Are Asian leaders ‘not good enough’ for global roles?

There are prevailing myths that leaders here lack the necessary skills – HRD finds out

Are Asian leaders ‘not good enough’ for global roles?

According to one study, about two in three HR leaders across Asia hold on to this dubious myth: Asian leaders are harder to develop to take on senior global leadership roles.

This ties in with findings from a separate study that half of bosses in Singapore have denied promotions because of a perceived ‘lack of leadership potential’ in their employees. This is concerning as a third of Singaporeans were denied a promotion in the last three years.

Other reasons cited included lack of experience, soft skills, and the presence of better-qualified internal candidates.

Read more: Global firms lacking Asian leaders

However, the myth is unfounded, said Elisa Mallis, managing director and vice president of Asia Pacific at Center for Creative Leadership (CCL).

“In reality, based on CCL’s research, the organisation is often the biggest stumbling block, much bigger than the individual capability gap issue,” Mallis told HRD. “There is more to global leadership than cultural fluency.”

There are three factors that may be holding Asian leaders back, she said: the country’s cultural context, organisational practice or perception, or the individual themselves.

To become capable global leaders, she believes professionals need to be exposed to opportunities for development, such as cross-border rotations, ‘non-obvious’ career moves and stretch roles.

Read more: 5 roles to evolve beyond your leadership comfort zone

Can HR help?
Mallis suggested HR help elevate Asian leaders and accelerate their development. This is especially crucial after 2020, which has proven that developing capable, forward-thinking, strong leaders is central to keep the business going in times of crisis.

Some steps HR can take include:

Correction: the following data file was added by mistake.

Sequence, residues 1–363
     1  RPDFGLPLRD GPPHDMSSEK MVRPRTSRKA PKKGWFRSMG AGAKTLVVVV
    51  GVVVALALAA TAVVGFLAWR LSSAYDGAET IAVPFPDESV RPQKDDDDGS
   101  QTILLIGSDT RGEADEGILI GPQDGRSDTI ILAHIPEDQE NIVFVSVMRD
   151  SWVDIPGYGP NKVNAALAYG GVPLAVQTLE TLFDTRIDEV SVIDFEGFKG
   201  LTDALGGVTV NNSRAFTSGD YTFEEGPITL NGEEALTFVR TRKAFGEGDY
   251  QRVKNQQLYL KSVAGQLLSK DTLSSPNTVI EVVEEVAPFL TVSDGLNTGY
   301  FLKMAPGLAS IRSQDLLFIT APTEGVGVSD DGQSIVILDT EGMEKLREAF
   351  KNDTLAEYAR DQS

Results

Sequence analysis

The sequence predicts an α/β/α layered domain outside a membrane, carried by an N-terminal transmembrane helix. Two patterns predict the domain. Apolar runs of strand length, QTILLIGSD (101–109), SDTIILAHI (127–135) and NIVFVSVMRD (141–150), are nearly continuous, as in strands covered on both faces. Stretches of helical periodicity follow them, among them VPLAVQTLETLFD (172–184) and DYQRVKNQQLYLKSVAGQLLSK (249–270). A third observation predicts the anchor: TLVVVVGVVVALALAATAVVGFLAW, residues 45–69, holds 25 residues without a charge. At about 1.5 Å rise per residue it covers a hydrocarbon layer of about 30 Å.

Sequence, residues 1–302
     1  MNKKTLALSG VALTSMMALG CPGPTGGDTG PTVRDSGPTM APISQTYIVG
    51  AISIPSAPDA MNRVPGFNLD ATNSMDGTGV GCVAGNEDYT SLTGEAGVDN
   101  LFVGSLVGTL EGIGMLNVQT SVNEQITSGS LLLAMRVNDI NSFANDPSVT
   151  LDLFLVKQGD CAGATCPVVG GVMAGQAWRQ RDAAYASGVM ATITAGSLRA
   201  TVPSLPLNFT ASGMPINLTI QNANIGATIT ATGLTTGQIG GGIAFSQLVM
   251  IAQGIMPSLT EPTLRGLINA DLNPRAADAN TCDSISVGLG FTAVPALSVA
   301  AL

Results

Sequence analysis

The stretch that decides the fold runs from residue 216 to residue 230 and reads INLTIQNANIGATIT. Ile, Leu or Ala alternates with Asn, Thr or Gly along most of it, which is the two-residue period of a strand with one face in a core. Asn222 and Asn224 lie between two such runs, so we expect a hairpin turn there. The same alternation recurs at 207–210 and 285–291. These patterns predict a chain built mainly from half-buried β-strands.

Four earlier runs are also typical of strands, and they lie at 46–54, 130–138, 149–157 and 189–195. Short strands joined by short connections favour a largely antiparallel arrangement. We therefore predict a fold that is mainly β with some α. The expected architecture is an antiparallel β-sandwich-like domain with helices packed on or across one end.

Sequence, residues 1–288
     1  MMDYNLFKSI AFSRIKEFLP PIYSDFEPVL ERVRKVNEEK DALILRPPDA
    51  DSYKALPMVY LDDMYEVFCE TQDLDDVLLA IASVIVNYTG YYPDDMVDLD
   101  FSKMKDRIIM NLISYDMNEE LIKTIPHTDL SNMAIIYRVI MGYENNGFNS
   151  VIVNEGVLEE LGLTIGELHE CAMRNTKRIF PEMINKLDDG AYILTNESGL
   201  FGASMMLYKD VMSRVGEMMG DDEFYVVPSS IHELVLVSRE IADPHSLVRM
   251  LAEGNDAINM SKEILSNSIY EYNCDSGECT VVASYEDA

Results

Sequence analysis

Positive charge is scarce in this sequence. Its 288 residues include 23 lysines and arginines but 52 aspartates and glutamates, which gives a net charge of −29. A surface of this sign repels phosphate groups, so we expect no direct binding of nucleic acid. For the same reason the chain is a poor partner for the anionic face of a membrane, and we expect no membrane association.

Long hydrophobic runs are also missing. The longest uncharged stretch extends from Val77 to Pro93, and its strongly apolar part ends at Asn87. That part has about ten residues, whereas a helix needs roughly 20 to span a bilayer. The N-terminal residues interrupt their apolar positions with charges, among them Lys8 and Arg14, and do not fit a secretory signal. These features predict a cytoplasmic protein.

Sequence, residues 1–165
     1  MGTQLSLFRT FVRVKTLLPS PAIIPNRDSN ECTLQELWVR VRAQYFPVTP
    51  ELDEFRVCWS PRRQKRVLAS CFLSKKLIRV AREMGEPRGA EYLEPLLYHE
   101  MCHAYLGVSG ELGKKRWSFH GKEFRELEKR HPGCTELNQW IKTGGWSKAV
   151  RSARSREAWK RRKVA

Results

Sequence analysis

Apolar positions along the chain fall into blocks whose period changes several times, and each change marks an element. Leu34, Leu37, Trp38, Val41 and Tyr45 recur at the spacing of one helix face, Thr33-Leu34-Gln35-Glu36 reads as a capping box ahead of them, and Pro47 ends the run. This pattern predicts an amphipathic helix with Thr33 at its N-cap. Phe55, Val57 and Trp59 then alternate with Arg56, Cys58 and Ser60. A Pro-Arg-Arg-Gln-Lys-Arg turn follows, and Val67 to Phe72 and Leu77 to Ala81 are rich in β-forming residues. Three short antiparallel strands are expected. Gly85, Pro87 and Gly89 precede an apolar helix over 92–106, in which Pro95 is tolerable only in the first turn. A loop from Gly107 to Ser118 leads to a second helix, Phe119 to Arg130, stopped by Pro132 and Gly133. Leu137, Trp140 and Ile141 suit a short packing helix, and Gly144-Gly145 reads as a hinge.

• Put in effort to find the root cause and ‘real’ reason for the lack of a global Asian leadership pipeline
  • Identify key capabilities required by leaders to succeed in regional and global roles and create feasible career development pathways
  • Curate appropriate experiences for potential executives to hone their global leadership development skills
  • Engineer the right career moves to help them take up opportunities for global opportunities
  • Refrain from ‘exporting’ leadership development programs to Asia wholesale
  • Focus on understanding the business context and culture in Asia and tweak leadership development programs accordingly
  • Be deliberate to pick countries within Asia where your organisation will place talent ‘bets’ 

Read more: HR leaders a 'mirror' for the organization

She highlighted another myth about leadership development – that you should only put in effort to build the top-level executive team.

“Leadership skills are needed much earlier on for young leaders to successfully navigate a more turbulent and agile, less predictable environment,” she said. “Organisations do recognise this, but the constraint has typically been budgets."

Also there’s less opportunity to "offer more" with leadership development being quite traditional, she said, as many continue to rely predominantly on face-to-face classroom learning, coaching and traditional assessments.

“In this case, I believe that we need to democratise leadership development, so more leaders can benefit," she said.

“HR leaders [should] sensitise the senior leadership team and get a buy-in on driving leadership development across multiple levels in the organisation.”

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